COVID-19 variant prompts Iceland to require quarantine for children entering country as of January 13
As of January 13, Iceland will require children born in 2005 or later to quarantine, along with their parents or guardians, upon arrival in the country.
The new regulation was proposed by the country’s chief epidemiologist in response to surging case numbers in the rest of the world due to the COVID-19 variant first detected in the United Kingdom, the government said on Tuesday.
“While the COVID-19 pandemic has been relatively well contained within [Iceland], it has surged in most other countries recently, largely due to the emergence and spread of a new strain that was first identified in Britain,” a news release said.
“This has been found to be more infectious than the earlier strains, and there are also indications that children are more susceptible to it. The proposal to oblige children entering the country to go into quarantine was therefore made so as to resist the spread of the virus in Iceland.”
The new regulation will be in effect until January 31.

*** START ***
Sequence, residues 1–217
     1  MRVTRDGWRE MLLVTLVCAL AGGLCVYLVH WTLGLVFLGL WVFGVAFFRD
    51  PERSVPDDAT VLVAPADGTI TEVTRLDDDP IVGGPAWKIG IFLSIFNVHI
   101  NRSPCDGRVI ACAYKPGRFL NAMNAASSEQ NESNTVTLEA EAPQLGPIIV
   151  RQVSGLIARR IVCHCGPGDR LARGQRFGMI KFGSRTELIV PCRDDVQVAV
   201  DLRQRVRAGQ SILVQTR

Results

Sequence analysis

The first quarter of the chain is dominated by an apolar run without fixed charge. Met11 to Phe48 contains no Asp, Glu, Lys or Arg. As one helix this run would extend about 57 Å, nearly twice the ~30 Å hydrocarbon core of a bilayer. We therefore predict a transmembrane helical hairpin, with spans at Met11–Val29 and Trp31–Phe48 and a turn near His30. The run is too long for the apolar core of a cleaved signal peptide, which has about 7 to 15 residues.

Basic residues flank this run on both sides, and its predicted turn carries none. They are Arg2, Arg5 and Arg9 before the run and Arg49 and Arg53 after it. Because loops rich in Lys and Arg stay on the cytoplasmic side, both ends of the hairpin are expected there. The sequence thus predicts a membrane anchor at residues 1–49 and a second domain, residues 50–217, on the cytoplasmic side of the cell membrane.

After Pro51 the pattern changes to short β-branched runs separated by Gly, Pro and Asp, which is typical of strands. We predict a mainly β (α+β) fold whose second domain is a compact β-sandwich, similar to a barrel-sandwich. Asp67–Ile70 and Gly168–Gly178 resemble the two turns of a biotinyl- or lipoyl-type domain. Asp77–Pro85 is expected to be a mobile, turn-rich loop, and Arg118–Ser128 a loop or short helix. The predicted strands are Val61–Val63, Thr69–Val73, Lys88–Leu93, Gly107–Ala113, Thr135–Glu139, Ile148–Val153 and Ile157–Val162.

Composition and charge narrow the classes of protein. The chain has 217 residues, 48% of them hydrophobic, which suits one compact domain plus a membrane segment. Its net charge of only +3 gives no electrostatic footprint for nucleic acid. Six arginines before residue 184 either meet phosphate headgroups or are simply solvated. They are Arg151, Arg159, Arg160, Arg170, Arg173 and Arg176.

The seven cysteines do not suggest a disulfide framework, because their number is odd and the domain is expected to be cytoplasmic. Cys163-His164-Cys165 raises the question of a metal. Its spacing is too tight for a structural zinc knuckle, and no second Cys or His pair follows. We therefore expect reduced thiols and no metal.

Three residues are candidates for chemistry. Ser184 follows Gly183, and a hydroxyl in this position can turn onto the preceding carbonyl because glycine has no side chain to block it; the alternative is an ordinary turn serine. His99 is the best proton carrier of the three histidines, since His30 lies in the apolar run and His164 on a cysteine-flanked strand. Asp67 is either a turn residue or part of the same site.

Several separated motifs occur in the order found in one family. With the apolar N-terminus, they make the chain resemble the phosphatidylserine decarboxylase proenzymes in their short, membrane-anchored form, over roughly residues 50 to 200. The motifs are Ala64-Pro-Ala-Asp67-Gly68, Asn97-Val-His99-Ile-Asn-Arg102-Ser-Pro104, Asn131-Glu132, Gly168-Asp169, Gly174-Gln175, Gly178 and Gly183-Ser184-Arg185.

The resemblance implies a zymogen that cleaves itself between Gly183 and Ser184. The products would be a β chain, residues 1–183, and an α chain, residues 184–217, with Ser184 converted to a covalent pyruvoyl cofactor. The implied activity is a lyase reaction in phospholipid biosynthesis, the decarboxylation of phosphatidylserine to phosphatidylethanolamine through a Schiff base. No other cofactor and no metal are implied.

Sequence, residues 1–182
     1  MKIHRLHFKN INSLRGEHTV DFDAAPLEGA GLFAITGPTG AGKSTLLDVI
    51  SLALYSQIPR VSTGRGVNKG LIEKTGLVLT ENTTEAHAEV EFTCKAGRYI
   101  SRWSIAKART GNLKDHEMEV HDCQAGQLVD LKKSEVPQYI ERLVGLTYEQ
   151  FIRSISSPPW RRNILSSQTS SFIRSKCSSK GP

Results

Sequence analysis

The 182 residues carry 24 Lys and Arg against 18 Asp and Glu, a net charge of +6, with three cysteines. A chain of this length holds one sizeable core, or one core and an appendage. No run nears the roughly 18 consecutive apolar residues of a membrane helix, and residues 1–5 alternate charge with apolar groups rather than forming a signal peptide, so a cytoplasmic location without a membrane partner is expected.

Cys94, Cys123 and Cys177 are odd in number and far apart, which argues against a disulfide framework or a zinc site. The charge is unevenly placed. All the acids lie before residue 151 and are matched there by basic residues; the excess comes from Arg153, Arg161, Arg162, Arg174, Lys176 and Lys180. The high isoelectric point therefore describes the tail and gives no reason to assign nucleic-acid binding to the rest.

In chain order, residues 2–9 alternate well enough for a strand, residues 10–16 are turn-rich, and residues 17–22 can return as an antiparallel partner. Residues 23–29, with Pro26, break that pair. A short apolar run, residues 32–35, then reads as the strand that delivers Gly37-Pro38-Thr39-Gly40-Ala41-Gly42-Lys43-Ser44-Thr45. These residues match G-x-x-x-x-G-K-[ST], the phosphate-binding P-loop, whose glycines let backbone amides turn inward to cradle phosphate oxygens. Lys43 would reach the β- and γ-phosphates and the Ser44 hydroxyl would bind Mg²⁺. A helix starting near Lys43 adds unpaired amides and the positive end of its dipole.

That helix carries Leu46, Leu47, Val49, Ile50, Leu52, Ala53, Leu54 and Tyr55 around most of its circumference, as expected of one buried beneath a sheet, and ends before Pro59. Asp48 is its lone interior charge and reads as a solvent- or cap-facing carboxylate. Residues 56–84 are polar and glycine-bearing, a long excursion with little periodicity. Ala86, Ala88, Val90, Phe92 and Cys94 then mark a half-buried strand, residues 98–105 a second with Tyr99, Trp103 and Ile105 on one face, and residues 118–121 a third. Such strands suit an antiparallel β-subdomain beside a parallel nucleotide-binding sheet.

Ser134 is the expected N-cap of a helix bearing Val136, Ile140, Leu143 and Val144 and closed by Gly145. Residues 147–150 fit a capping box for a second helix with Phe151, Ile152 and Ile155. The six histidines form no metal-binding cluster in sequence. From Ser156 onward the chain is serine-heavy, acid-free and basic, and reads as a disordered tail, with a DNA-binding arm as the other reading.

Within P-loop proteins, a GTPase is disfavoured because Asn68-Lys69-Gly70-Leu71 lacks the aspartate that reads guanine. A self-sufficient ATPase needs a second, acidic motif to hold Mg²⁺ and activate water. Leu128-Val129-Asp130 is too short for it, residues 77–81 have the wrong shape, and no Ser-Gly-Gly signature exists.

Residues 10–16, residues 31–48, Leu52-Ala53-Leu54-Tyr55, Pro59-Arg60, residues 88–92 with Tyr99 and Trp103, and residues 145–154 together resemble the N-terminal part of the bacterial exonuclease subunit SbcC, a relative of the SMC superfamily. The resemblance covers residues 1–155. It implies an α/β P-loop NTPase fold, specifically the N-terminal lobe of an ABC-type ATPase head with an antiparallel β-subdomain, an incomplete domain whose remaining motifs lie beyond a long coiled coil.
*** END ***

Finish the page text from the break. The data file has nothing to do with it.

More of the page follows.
Other regulations relaxed
As of Wednesday, Iceland was reporting a 14-day incidence of 18 per 100,000 inhabitants for domestic infections and of 25.9 per 100,000 inhabitants for infections detected through border screening.
In a news release on Friday, Iceland’s chief epidemiologist said the UK variant had so far not spread “to any significant extent in Iceland” and proposed the relaxation of certain restrictions including group limits and sports activities.
Those modifications also came into effect on January 13 and include allowing groups of up to 20 people to gather, and permitting adult and children’s sports activities to resume and fitness centres and skiing facilities to reopen.
Write to Eilís Quinn at eilis.quinn(at)cbc.ca
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Norway: Norwegian Arctic wilderness tourism hit particularly hard by coronavirus, The Independent Barents Observer
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